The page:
Monday Musings…. What a Wonder Full World It Is!



“Grandma! I found a worm!” exclaimed my granddaughter with delight as she dug with a trowel in the dirt in her back yard. “Look at it move!” Now, she had no idea of my recent distaste of the phylum, Annelida, and thought that I should share in her delightful discovery. And so, over I went to peer into the dirt at her eye level to marvel at this crawling creature. She was absolutely full of wonder.


Wouldn’t it be great, if everyday we displayed this same excitement to search, to learn, to know more, to appreciate? Instead, as we age, there seems to be this slow fade, where things, especially simple things, just don’t seem to excite us anymore.


Why is that?


Maybe, we just take for granted what we have; we get used to objects and even people, and life just appears mundane. Or it could be the busyness of our lives – that we simply don’t take the time to appreciate what or who is around us. Or maybe it’s the harsh truths we get hit with that people can be unkind, that life can appear unfair, and that decisions can be made that seem unjust.


It’s not difficult for some people to take a day full of sunshine and find some flaw in it. You’ll hear those drawn out whines of: it’s too hot to go outside, or the UV rays are too strong. The reality is, it doesn’t take long for children to discover that the world, and the people in it, are flawed.

As we surveyed the backyard garden, my granddaughter asked why some of the plants looked dead, when just a few weeks ago they were vibrant red flowers. Her five-year-old little mind couldn’t make sense of why flowers couldn’t live forever and she sighed and said: “that makes me sad”. I told her it made me sad too, that even the most beautiful things don’t last forever.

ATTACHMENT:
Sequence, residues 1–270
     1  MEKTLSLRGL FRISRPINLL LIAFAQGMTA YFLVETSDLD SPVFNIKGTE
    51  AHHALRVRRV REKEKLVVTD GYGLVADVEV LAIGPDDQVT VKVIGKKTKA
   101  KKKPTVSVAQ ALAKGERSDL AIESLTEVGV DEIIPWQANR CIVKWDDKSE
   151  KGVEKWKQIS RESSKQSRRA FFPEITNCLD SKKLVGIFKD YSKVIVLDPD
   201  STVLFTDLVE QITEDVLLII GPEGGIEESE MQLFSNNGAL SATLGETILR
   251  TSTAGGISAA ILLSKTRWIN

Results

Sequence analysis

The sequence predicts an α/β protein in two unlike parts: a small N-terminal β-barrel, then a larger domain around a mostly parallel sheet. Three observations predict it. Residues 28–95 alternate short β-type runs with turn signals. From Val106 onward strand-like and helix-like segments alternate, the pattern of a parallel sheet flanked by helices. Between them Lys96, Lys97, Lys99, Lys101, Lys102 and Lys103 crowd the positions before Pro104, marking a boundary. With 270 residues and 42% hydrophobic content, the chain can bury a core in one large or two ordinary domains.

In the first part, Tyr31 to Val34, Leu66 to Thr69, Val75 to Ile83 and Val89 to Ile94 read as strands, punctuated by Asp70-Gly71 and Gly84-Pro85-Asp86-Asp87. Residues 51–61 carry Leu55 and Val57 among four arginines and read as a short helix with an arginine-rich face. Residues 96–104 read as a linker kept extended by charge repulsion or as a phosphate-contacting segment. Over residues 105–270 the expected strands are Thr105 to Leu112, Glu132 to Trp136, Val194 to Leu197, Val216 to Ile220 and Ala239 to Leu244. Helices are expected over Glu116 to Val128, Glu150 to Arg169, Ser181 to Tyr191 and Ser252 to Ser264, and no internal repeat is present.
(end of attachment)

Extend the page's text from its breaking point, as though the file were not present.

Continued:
So, whether you want to use the Laws of Thermodynamics, or the results from the Fall of Man, decay and disorder and discouragement are part of the human experience. That’s true.


But, in case you thought we spent the rest of the day in despair, lamenting about death in the natural world, I informed her that next spring the red flowers would come back! And what a wonderful thing that was to look forward to. I explained that just like her birthday comes every year, so do these flowers. “Ok Grandma! Just like I turn 6, the flower will have a birthday too!” She saw the wonder in the midst of the decay.


BUT, does it make sense to you? Are you able to see the wonder in your current circumstance, when you are feeling worn out or weary?


My granddaughter then noticed the birds tweeting away on the fence, and turned to me with excitement asking for a literal interpretation of their chirps. I told her that I didn’t know what they were trying to tell us, but that they sure sounded happy. And she said she was happy too. Then she saw a number of birds flitting here and there and she asked if they might hit each other in the air. She was genuinely concerned about this disordered flight pattern and worried about them getting hurt. I reassured her that they had a special communication system and that they looked out for each other. I explained that it was sort of like what she does when she says “Watch out, Harrison!” when they are running around the backyard. “That’s right, Grandma! I do that!” She expressed awe in knowing there was a purpose in the birds’ songs and flight even when it might appear to us like disorder.


Are you able to marvel at the birds that wake you up in the morning and serenade you to sleep every night? Or do they annoy you. Can you find the wonder, knowing that each new day gives them reason to sing, no matter the weather? It’s rather remarkable to think about the birds. And, can you marvel at the times of disorder in your life, thinking disaster would surely come, but then somehow it helped you get things back in order and on the right flight path?


She then saw a tiny bee gathering pollen from a bright orange tiger lily. She was amazed at how it ‘worked’ and then of course how it flew off to make its deposit. “He’s working so hard, Grandma! He must be tired!” Without losing a beat, she then had the brilliant idea of becoming a bee herself! She moved the small trampoline to the base of the kiddie slide, climbed to the top, jumped down and sprang forth on the trampoline. “I can fly Grandma! Just like the bee!”


When you’ve been working so hard and feel discouraged from making little progress in the circumstances of your life, can you pivot, and spring forward with a new idea to improve your current state?


Children just seem to adapt in a way that we need to consider as adults. So, embrace your inner 5-year-old and realize that the world, with all of its decay, disorder, and discouragement, can be a wonderful place!



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© 2016 Head Space: Charlene Mahon